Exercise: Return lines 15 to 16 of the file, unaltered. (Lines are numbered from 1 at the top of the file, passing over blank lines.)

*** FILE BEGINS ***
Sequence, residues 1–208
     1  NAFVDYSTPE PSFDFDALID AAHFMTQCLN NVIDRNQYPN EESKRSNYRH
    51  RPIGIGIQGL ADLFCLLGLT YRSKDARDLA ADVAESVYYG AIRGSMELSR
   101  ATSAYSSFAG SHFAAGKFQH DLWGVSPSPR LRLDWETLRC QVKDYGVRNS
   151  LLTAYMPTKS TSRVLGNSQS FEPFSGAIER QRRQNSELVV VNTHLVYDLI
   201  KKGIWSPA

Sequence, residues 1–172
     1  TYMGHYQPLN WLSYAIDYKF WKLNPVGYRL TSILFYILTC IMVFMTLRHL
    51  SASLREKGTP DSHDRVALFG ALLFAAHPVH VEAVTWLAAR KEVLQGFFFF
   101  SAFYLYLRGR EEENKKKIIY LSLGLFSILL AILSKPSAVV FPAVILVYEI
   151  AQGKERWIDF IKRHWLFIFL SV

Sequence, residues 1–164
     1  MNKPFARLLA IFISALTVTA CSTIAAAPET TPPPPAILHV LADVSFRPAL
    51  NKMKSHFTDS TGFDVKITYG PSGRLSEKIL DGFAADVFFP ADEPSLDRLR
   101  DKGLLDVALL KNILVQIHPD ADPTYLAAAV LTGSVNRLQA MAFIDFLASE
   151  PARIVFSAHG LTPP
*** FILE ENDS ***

   101  DKGLLDVALL KNILVQIHPD ADPTYLAAAV LTGSVNRLQA MAFIDFLASE
   151  PARIVFSAHG LTPP